Stromboli Part I: Interpretation

Stromboli, what is it? Or should I ask, what is your interpretation of Stromboli? I think we all have different opinions over what it truly is. Stromboli to me is a rolled up pizza minus the sauce and limited to lunch meats, cheese, and spinach. I was born in Boston, my mother’s parents from Sicily, and I grew up in South Jersey just outside of Philly so my interpretaion is based on those influences. My Italian girlfriends’ mothers all made their Stromboli the same way; dough rolled out into a rectangle stuffed with lunch meats-rarely Italian sausage or ground beef- cheese, rolled up and baked. Sauce rarely served on the side. Although, I had to start serving it on the side when I married Himself, he likes it that way. The only vegetable kind of Stromboli ever offered was spinach, never roasted veggies or any other veggies for that matter, that was saved for Calzones. Ah, now it is getting confusing.

Calzones are a what you may call a pizza turnover with any meat and veggie filling and includes ricotta as well as mozzarella or other Italian cheeses plus the sauce. I know, I know you are already trying to argue with me. You are spitting nails, thems fightin’ woids. Ya ya ya, like I said, we all have a different view of these things and I don’t think anyone is right on the matter, ‘cept me. Snort. I can see all the Giuseppes and Ginos along the East Coast going at it right now. And forget how those on the West Coast may interpret this matter. Sheesh. Let me mix it up even more for you. Panzaratti.

Panzarattis are folded in half pizzas, any topping and sauce, but no ricotta, then deep fried. You read me. Deep fried. These are definitely a South Jersey thing for sure. I can’t get anyone down here in VA to make me one. They look at me like I got two heads then tell me it will mess up their deep fryer. Yeah.

So tomorrow I will give you a tutorial of how I make what I think is Stromboli. It will be very detailed, over 30 photos. It’s the teacher in me and I’ve been making and messing these things up for over 15 years now, so I have a thing or two to say.

If you would like to join along go ahead and make your Artisan Bread in 5 Master Recipe right now, you’ll need it. You will also need lotsa sliced provolone, Genoa salami, one pound fresh baby spinach, fresh garlic, shredded Italian cheese blend, 28 ounce can tomato sauce, and some fresh basil and parsley. That will get you two Salami and one Spinach Stromboli. OK, you good? Good.


Let’s go into tomorrow with a clean slate, shall we? So go ahead and get it off you chest right now. What is your interpretation of the Stromboli, Calzone, and Panzaratti? Be nice and no hair pulling. See you here tomorrow. Aah-ite?

Related Posts:
Stromboli Part II: A How To Tutorial

25 Comments

  1. Sabrina
    Posted January 22, 2009 at 8:44 AM | Permalink

    I don’t have a version ’cause I am from the south. I just eat whatever is set in front of me. Call it anything you like. I cannot wait until tomorrow. Yummmm!

  2. Joan Nova
    Posted January 22, 2009 at 9:19 AM | Permalink

    First of all, I must tell you those photos made me drool. I’ll probably fall on the floor after looking at 30 more!

    These things are open to interpretation and, better yet, imagination. “Traditionally” to me, stromboli is similar in appearance but filled with pepperoni and cheese; calzone filled with ricotta and mozzarella (all white); and I’m not familiar with panzerottis. Definitely sound like artery-cloggers.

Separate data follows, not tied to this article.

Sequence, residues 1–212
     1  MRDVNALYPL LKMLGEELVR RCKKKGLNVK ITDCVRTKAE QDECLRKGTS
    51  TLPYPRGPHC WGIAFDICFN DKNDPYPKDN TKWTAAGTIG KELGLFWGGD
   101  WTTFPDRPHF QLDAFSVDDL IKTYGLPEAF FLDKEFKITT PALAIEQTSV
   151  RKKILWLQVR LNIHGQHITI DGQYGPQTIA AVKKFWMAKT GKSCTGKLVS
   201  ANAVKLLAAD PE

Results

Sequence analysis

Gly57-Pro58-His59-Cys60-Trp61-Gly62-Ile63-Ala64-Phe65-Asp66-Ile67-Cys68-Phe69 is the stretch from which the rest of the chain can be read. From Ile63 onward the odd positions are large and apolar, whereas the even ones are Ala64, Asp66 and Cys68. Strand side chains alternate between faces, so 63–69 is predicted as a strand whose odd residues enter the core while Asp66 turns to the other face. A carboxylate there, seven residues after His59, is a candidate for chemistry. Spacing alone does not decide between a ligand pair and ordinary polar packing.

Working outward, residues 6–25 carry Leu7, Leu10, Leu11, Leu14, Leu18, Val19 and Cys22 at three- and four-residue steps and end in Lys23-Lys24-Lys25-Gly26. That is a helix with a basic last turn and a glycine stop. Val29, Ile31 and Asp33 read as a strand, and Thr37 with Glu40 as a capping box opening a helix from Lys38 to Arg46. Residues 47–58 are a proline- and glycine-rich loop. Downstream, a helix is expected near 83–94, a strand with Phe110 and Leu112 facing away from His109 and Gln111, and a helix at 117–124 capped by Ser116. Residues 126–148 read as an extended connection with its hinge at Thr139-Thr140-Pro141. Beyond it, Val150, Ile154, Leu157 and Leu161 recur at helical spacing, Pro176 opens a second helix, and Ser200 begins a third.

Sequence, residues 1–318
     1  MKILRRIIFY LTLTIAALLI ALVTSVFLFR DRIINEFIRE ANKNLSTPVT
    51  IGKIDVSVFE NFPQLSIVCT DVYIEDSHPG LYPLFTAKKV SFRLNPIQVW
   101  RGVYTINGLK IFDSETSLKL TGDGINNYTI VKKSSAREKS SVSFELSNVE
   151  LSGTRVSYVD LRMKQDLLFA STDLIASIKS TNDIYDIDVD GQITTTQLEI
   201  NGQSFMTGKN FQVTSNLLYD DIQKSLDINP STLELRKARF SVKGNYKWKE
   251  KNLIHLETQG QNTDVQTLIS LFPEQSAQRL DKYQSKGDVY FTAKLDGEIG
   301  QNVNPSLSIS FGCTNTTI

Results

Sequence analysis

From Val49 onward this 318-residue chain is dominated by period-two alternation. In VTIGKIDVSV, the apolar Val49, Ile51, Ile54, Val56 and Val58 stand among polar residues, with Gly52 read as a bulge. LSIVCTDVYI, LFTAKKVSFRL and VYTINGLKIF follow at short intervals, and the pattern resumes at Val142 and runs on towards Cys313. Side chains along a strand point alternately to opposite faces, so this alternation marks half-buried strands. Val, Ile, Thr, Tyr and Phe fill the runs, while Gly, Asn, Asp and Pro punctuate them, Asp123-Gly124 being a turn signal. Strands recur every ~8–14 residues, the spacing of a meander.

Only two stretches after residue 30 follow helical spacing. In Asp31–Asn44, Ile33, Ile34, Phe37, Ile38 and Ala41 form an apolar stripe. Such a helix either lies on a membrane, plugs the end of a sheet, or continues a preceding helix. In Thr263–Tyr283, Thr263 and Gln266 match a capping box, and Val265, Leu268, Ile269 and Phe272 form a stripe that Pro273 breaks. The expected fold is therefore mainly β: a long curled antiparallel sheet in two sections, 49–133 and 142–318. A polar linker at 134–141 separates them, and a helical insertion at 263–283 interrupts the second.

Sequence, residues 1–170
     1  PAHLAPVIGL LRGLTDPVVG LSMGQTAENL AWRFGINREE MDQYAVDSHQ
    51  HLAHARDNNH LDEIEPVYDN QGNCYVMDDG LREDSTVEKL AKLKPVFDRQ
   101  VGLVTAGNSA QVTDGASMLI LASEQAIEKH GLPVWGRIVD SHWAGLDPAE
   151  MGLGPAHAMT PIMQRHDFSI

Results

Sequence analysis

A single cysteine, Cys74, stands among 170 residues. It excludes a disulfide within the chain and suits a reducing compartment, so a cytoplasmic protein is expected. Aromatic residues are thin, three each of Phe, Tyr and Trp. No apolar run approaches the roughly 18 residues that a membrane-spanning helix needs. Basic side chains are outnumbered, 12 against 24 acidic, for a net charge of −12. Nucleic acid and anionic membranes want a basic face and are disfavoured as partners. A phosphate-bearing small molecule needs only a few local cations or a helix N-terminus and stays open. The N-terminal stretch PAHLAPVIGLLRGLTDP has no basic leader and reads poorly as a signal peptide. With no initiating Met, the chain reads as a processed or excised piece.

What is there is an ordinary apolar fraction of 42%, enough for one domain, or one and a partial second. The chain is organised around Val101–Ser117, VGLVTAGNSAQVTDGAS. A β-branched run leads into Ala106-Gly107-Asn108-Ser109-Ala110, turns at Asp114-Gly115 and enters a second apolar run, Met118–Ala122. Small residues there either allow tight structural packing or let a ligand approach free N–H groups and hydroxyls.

3. recipes2share
    Posted January 22, 2009 at 9:41 AM | Permalink

    I agree, I could skip on the name…these look fantastic!

  4. Lisa
    Posted January 22, 2009 at 9:47 AM | Permalink

    Since i live in NJ, my names arte exactly like yours. I like sauce on the side too.

  5. Peter M
    Posted January 22, 2009 at 9:47 AM | Permalink

    I want to go to a party where piles & piles of Stromboli are on offer. I think I just might throw a party with tons of stromboli!

  6. Sara
    Posted January 22, 2009 at 10:07 AM | Permalink

    I agree with your definitions, although I’ve never heard of a panzaratti before. There’s a restaurant here that serves a piadine, which is a pizza crust topped with a salad. You fold it in half like a taco and eat with your hands.

  7. Linda
    Posted January 22, 2009 at 10:39 AM | Permalink

    Husbands family is from Abruzzi and friends family is from Sicily.
    In our city, we have many families whose 1st generation came from the southern part of Italy and Sicily.
    You are so right on with your descriptions for me! YUM…yes they are not good for you, maybe, but they are so good to eat!!
    Do you make pizza fritte as well?

  8. Rachael
    Posted January 22, 2009 at 10:44 AM | Permalink

    They all sound SO good! I am so intrigued by this panzaratti thing! You said you CAN find it in South Jersey??

    My husband is a part-time pilot with the Air National Guard out of Atlantic City. He goes up to South Jersey to fly a couple of times a month and stays in that area….I wonder if he could find a panzaratti anywhere!! He would LOVE to eat one of those:-)

  9. Anonymous
    Posted January 22, 2009 at 11:12 AM | Permalink

    The best Panzarattis are to be found in the little town of Maple shade,NJ which is next to Cherry Hill.

    They boast that they are the originator of the Panzaratti. Old pictures on the wall of this little hole in the wall joint go back to the ’40s. They are truly delicious. I always get mine filled with Italian Sausage. When you break open the crust a blast of steam ensues and the aroma is awsome.

    Dad

  10. Lucy
    Posted January 22, 2009 at 11:38 AM | Permalink